- Download an SVG file with the fonts
- Make a copy of the file
- Create your embroidery design with the same file
- Copy/paste glyphs (line by line)
- Use align/distribute tools
- Change the size
- Adjust density and underlay (less for small letters and more for bigger ones)
Geneva-simple-sans-rounded embroidery typeface
Geneva-simple-sans-rounded is a font designed for small lettering, e.g. on patches. It should work fine from 8mm to 15mm fonts. However, for optimal results you may have to adjust the drawings.
Click twice to display the SVG, then "save the page as in your browser"
Geneva-simple-sans embroidery typeface
Geneva-simple-sans is a font designed for small lettering, e.g. on patches. It should work fine from 6mm to 15mm fonts.
This font was derived from Geneva-simple-sans-rounded and looks more like a typical embroidery font. This design seems to be somewhat better than the rounded version presented above.
Click twice to display the SVG, then "save the page as in your browser".
(in a next version)
- Create custom underlay for each letter
- Verify stitching order
- improve some overlaps
- Fix some direction lines (rungs)
- Add serifs (in a new font version)
A simple fill typeface
Typefaces with fills can be used for very large fonts (i.e. bigger than 20 or 30 mm). However, they will probably be fairly ugly. Try yourself. After the first step explained in the first chapter, simply create a path (before breaking up the glyphs !)
- Break apart symbols that have unconnected polygones, e.g. !, ? ;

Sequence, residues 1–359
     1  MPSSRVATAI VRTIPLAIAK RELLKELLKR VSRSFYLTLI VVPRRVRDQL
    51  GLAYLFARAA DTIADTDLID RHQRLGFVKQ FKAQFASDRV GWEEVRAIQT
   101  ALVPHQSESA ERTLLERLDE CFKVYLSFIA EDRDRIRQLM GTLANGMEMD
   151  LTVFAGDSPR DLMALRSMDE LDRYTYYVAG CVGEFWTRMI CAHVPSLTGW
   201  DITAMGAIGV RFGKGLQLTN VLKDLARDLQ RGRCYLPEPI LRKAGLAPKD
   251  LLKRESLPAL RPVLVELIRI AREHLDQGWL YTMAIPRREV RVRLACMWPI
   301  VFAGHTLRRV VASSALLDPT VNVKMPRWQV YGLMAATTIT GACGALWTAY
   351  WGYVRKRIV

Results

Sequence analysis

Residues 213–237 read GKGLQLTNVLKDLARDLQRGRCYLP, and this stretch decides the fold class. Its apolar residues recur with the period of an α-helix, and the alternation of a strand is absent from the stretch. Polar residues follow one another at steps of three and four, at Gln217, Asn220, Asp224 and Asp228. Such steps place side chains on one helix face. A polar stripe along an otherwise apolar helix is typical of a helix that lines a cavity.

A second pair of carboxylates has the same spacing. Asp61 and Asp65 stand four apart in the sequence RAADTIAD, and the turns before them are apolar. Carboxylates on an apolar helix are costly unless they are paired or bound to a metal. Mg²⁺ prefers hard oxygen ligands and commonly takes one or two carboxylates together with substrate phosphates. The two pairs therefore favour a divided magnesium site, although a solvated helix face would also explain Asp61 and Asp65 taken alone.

- Menu Path: Stroke to path
- Set the fill
- Remove the stroke
In Extensions -> Ink/Stitch -> English -> Params
- Augment the density, e.g 0.2
- Add an underlay
We had to fix some caracters, i.g. remove or union some little garbage and also give some special treatment to the $ and & signs.
You can download the following SVG file (click until you get the SVG then save the page as). Open the file in InkScape and copy/paste the fonts. Make sure to hide the embroidery layer, and to "rectangle" select since we did not do any grouping...
Fonts made of simple lines tend to be rather ugly, however it is possible to stitch tight and small letters easily.
- Set stroke to dotted
Embroidery -> Param -> Stroke tab -> Satin stitches along paths (needs to remain ticked if you plan to change parameters)
This typeface was made from the above's simple line design
- Set stroke to 1mm
- Embroidery -> Param -> Stroke tab -> Satin stitches along paths
- Small Embroidery font. This font was designed by the creator of Ink/Stitch. You may use this font for free in any embroidery project, including in designs that you intend to sell or sew out and sell. There is no limitation on the number of designs or items you may sell. Underlays of letters are manually made (i.e. with lines), something we also should consider .....